This article was updated on July 18, 2018.

With so much employee information now used and stored in software systems, it's all too easy for management to regard employee data security as an IT responsibility. Protecting employee data and promoting data security in the workplace is actually a cross-functional responsibility. After all, many factors contribute to data security risks, not just technology.

According to a report published by the University of Alabama at Birmingham's Collat School of Business, 80 percent of organizations say that carelessness by the end user is the biggest security threat to their organizations. Employee data security involves far more than technical issues. It involves people, policies and processes.

The CHRO has an opportunity to lead on this issue, advocating for employee protection, by working with the CTO and the CFO to ensure that the best security policies and technology are in place to protect employee data.

Risk Beyond Technology

Before any cross-functional team can begin to put employee data security measures in place, it must first understand the security risks involved. According to CIO, the six biggest security risks are:

  1. Disgruntled employees
  2. Careless or uninformed employees
  3. Mobile devices (bring your own devices)
  4. Cloud applications
  5. Unmatched or unmatchable devices
  6. Third-party service providers

Most of these risks involve a human element. It is, therefore, vital for the CHRO and the CTO to work together to identify risks and develop solutions that cross over into each others domains of expertise.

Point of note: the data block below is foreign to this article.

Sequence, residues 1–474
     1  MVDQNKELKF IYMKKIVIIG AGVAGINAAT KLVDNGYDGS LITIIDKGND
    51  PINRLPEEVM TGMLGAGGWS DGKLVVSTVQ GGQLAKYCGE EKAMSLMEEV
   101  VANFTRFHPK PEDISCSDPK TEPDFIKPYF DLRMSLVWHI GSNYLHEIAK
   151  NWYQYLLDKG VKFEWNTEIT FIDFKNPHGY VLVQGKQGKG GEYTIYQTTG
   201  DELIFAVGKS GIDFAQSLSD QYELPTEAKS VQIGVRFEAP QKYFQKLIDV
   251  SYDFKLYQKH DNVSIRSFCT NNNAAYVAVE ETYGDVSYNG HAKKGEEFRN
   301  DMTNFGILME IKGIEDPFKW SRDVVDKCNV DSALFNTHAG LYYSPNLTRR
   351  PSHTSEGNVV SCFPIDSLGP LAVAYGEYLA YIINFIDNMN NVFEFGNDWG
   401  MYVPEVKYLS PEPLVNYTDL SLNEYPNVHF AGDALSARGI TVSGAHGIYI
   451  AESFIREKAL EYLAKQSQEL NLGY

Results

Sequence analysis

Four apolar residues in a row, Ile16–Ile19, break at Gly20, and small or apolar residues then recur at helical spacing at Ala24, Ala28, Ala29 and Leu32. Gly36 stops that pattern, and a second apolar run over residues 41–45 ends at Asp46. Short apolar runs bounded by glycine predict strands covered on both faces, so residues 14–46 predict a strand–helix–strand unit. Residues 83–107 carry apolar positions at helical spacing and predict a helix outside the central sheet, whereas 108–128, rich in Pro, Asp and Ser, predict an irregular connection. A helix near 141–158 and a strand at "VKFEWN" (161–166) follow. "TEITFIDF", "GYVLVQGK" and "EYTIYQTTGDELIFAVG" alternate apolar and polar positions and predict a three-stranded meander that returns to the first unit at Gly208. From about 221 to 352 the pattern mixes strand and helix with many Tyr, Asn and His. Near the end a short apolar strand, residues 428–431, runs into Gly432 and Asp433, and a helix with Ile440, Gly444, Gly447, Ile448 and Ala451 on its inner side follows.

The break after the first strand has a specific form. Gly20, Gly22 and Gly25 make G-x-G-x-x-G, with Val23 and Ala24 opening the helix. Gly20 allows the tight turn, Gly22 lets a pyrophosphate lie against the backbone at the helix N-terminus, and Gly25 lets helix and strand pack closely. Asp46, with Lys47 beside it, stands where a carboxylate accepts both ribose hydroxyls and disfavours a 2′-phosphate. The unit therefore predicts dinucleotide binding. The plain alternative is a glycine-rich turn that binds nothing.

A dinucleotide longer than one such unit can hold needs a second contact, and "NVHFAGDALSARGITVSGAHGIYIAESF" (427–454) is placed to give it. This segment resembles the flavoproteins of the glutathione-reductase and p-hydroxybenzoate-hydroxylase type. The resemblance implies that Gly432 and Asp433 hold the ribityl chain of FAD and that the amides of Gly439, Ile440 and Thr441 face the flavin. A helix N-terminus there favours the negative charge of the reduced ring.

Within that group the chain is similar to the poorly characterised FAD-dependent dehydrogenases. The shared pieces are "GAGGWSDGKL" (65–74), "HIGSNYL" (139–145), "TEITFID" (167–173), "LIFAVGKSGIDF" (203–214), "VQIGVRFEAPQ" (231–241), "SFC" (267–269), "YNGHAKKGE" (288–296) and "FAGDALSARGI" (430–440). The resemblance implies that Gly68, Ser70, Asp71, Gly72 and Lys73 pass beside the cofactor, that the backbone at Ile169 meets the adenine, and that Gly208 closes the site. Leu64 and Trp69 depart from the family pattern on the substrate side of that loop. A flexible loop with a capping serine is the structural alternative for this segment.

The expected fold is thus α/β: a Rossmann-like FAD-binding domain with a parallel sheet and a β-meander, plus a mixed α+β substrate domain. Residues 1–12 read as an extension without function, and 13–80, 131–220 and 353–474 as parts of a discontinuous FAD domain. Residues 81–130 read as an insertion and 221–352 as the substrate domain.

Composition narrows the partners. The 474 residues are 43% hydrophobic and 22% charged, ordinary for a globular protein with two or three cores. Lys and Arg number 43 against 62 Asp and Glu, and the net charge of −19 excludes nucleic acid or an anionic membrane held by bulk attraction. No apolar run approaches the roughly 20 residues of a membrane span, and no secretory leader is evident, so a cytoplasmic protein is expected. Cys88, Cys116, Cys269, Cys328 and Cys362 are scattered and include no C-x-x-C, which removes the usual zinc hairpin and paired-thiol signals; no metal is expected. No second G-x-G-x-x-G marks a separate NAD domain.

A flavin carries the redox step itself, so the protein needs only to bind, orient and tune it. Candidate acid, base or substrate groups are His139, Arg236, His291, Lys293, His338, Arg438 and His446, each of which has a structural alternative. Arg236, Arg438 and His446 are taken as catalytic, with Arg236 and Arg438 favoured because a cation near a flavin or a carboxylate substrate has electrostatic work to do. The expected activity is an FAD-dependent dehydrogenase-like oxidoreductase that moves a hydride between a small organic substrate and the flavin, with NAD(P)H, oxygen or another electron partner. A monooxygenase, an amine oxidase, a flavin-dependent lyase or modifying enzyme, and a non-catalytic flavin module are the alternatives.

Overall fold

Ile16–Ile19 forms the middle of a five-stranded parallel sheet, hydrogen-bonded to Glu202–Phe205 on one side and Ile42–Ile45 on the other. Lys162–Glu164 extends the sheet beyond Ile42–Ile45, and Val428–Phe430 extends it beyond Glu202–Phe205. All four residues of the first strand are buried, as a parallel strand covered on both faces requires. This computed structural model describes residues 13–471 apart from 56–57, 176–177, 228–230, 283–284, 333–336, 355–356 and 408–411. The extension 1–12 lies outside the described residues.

For example, if one of the agreed upon risks is that employees are not using strong enough passwords, the CTO could implement technologies and processes that require employees to create stronger passwords and to change them more often, thus reducing risk that passwords can be used by unauthorized personnel to access employee data.

Reasonable Attempt to Protect Data

According to the ABA Journal, when it comes to employee data security, another major risk to consider is legal risk. The question most often raised in legal cases that are brought against organizations over data security is whether the organization took reasonable steps to mitigate or prevent the employee data security issue.

So the question is, "What are reasonable measures?"

The Federal Trade Commission has created a document called "Start with Security: A Guide for Business," which provides guidelines businesses should use to develop data protection measures.

Adopting Known Standards

A critical measure to put in place to ensure your organization is taking "reasonable steps" is to follow the International Organization for Standardization (ISO) 27001 family of standards for information security management. According to the ISO, the ISO-27001 standards will help organizations manage data assets by specifying "the requirements for establishing, implementing, maintaining, and continually improving and information security management system."

If your organization decides to adopt ISO 27001 standards, audits should be performed to confirm compliance and ensure that the standards are being carried out properly. An organization that adopts the standards but does not comply to them properly is still at risk of litigation.

The CHRO should work with the CFO, who is experienced in the auditing process and would understand the particulars of how and when such audits should occur. Together, the CHRO and the CFO can ensure two levels of executive attention are paid to mitigating employee data security risks.

A Group Effort

Employee data security is not a technology function alone. There are, in fact, many factors and risks involved that impact several parts of the organization. The CHRO can be on the front line of the issue and take responsibility for coordinating with other C-suite leaders to develop, implement and manage employee data security standards that will reduce risk to the organization and protect employee data.

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